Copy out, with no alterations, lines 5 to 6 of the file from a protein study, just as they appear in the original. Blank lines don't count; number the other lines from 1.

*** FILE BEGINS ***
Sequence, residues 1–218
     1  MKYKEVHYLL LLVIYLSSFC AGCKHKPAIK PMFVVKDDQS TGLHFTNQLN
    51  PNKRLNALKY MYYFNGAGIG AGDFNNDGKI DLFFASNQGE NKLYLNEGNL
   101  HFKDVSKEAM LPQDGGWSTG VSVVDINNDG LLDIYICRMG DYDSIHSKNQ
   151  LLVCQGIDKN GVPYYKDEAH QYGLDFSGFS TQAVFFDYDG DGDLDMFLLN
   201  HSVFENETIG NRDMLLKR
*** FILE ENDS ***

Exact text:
   151  LLVCQGIDKN GVPYYKDEAH QYGLDFSGFS TQAVFFDYDG DGDLDMFLLN
   201  HSVFENETIG NRDMLLKR